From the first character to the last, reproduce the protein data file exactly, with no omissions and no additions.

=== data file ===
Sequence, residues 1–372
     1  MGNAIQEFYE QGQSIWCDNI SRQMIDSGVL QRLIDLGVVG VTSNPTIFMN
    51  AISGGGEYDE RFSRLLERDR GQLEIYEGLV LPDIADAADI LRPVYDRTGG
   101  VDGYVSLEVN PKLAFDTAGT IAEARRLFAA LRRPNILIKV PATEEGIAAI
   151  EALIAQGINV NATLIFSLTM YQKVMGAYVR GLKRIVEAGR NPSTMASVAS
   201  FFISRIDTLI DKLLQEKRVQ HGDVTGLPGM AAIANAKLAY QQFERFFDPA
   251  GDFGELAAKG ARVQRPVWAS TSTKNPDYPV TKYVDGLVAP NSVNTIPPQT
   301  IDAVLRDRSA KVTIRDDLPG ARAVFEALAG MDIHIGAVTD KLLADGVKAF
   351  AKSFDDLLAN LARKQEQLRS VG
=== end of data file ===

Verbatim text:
Sequence, residues 1–372
     1  MGNAIQEFYE QGQSIWCDNI SRQMIDSGVL QRLIDLGVVG VTSNPTIFMN
    51  AISGGGEYDE RFSRLLERDR GQLEIYEGLV LPDIADAADI LRPVYDRTGG
   101  VDGYVSLEVN PKLAFDTAGT IAEARRLFAA LRRPNILIKV PATEEGIAAI
   151  EALIAQGINV NATLIFSLTM YQKVMGAYVR GLKRIVEAGR NPSTMASVAS
   201  FFISRIDTLI DKLLQEKRVQ HGDVTGLPGM AAIANAKLAY QQFERFFDPA
   251  GDFGELAAKG ARVQRPVWAS TSTKNPDYPV TKYVDGLVAP NSVNTIPPQT
   301  IDAVLRDRSA KVTIRDDLPG ARAVFEALAG MDIHIGAVTD KLLADGVKAF
   351  AKSFDDLLAN LARKQEQLRS VG